By Emma Thomasson and Paul Carrel BERLIN (Reuters) -Germany’s Social Democrats were set on Monday to start the process of trying to form a government after they narrowly won their first national election since 2005 to end 16 years of conservative-led rule under Angela Merkel. The centre-left Social Democrats (SPD) won 25.7% of the vote, […]
German SPD seeks allies to replace Merkel-led coalition
By Emma Thomasson and Paul Carrel
BERLIN (Reuters) -Germany’s Social Democrats were set on Monday to start the process of trying to form a government after they narrowly won their first national election since 2005 to end 16 years of conservative-led rule under Angela Merkel.
The centre-left Social Democrats (SPD) won 25.7% of the vote, ahead of 24.1% for Merkel’s CDU/CSU conservative bloc, according to provisional results. The Greens came in at 14.8% and the liberal Free Democrats (FDP) were on 11.5%.
The SPD’s recovery marks a tentative revival for centre-left parties in parts of Europe, following the election of Democrat Joe Biden as U.S. president in 2020. Norway’s https://www.reuters.com/world/europe/norways-election-winners-meet-bid-form-majority-government-2021-09-23 centre-left opposition party also won an election earlier this month.
The Social Democrats’ chancellor candidate, Olaf Scholz https://www.reuters.com/world/europe/german-leadership-race-boring-olaf-bets-craving-stability-2021-09-21 said he hoped to strike a coalition deal before Christmas, although
his Christian Democrat rival Armin Laschet, 60, said he could still try to form a government despite leading the conservatives to their worst ever election result.
Merkel will stay in charge in a caretaker role during the coalition negotiations https://reut.rs/2ZeqYw3 that will set the future course of Europe’s largest economy.
German shares opened 1.1% higher on Monday, with investors pleased that the pro-business FDP looked likely to join the next government while the far-left Linke failed to win enough votes to be considered as a coalition partner.
“From a market perspective, it should be good news that a left-wing coalition is mathematically impossible,” said Jens-Oliver Niklasch, LBBW economist.
He said other parties had enough in common to find a working compromise.
“Personalities and ministerial positions will probably be more important in the end than policies.”
WHO WILL BE CHANCELLOR?
The parties will start sounding each other out on Monday about possible alliances in informal discussions.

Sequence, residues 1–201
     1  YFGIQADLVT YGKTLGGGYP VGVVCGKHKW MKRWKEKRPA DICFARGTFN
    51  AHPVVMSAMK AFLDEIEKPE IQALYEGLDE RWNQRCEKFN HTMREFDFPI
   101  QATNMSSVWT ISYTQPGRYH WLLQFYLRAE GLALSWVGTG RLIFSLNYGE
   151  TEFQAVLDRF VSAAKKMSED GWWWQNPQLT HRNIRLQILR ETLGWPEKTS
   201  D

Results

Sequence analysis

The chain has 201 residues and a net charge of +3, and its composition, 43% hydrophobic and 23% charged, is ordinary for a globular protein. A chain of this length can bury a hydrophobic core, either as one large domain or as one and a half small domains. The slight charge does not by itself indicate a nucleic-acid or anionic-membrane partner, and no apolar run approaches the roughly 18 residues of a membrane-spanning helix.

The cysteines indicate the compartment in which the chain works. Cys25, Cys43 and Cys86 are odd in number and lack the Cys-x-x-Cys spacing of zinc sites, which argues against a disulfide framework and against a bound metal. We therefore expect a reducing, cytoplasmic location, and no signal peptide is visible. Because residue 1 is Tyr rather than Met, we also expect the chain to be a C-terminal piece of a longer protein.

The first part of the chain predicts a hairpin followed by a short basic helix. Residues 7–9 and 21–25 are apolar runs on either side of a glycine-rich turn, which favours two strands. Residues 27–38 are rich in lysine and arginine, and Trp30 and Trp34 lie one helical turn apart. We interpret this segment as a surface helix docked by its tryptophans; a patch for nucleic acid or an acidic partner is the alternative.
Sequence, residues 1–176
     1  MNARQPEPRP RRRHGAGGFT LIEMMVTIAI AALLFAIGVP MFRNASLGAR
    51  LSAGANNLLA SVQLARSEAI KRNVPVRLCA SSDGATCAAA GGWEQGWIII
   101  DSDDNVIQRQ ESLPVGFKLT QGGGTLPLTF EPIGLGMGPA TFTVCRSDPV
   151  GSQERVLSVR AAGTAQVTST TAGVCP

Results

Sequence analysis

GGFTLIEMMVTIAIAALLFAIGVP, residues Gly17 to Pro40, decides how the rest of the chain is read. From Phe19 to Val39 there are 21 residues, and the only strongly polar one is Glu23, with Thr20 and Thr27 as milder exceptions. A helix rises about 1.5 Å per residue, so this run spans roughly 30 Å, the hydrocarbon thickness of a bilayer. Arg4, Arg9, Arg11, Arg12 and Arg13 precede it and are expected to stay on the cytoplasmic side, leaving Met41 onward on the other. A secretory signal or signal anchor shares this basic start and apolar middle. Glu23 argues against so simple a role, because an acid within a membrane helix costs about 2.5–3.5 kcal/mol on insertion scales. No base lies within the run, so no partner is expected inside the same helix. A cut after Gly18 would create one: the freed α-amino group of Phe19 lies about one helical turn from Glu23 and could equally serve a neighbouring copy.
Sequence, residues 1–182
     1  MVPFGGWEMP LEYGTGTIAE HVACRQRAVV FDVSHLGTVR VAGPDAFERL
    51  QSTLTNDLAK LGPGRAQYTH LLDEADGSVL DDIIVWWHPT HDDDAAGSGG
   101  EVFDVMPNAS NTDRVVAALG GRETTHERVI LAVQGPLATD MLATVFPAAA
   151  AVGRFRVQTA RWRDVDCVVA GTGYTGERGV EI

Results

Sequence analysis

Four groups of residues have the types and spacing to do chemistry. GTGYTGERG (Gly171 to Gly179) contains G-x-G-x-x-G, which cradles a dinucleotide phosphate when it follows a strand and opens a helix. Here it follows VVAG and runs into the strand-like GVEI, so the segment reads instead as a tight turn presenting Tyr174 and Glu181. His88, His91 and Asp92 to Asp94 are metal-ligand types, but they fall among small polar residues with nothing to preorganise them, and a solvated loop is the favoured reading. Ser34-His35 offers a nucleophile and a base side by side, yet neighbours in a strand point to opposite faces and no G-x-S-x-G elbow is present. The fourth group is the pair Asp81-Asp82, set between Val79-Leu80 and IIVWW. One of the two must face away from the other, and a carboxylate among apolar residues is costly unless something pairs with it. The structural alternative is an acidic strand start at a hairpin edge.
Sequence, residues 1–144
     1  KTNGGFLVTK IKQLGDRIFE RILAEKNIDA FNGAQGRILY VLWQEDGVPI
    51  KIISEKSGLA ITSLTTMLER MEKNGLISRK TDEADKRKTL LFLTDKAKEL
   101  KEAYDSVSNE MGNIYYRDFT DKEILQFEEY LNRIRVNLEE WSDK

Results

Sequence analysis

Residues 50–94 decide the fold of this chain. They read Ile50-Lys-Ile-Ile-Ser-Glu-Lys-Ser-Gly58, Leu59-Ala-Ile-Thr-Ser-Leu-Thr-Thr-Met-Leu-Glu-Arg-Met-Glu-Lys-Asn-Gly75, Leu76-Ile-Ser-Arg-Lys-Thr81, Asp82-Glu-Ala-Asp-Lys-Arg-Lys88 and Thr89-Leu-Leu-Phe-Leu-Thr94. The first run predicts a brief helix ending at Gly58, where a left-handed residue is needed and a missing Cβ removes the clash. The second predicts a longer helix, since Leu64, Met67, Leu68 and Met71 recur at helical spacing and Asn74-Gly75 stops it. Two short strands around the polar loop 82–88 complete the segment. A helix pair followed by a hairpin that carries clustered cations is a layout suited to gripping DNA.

The SPD is likely to seek an alliance with the Greens and the FDP to secure parliamentary majority, although the two parties could also team up with the conservatives.
SDP General Secretary Lars Klingbeil told ARD television, the party would fight to ensure Scholz becomes the next chancellor. “We won the election,” he said.
The SPD will talk to the Greens and the FDP about forming the next government, Klingeil said, adding that party leadership was set to meet on Monday to discuss the next steps.
The Greens and FDP said last night, however, they would first talk to each other to sound out areas of compromise before starting negotiations with either the SPD and CDU.
If Scholz, 63, succeeds in forming a coalition, the finance minister in Merkel’s cabinet and former mayor of Hamburg would become the fourth post-war SPD chancellor.
Paul Ziemiak, general secretary of Merkel’s Christian Democrats, said there was still a chance for his party’s alliance with the Greens and FDP, adding that Laschet knew how to keep coalitions together.
COALITION FOR CHRISTMAS?
Merkel has stood large on the European stage almost since taking office in 2005 – when George W. Bush was U.S. president, Jacques Chirac in the Elysee Palace in Paris and Tony Blair British prime minister.
But Berlin’s allies in Europe and beyond will probably have to wait for months before they can see how the new German government will engage on foreign issues.
Assuming the SPD agree a deal with the Greens and the FDP, the Greens could provide the foreign minister, as they did with Joschka Fischer in their previous two-way alliance with the SPD, while the FDP is seeking the finance ministry.
A row between Washington and Paris over a deal for Australia to buy U.S. instead of French submarines has put Germany in an awkward spot between allies, but also gives Berlin the chance to help heal relations and rethink their common stance on China.
On economic policy, French President Emmanuel Macron is eager to forge a common European fiscal policy, which the Greens support but the CDU/CSU and FDP reject. The Greens also want “a massive expansion offensive for renewables https://reut.rs/2T1UKS3”.
One thing is certain: the future government will not include the far-right Alternative for Germany (AfD) which scored 10.3%, a fall from four years ago when they stormed into the national parliament with 12.6% of the vote. All mainstream politicians rule out a coalition with the party.
(Writing by Emma Thomasson; Editing by Tomasz Janowski)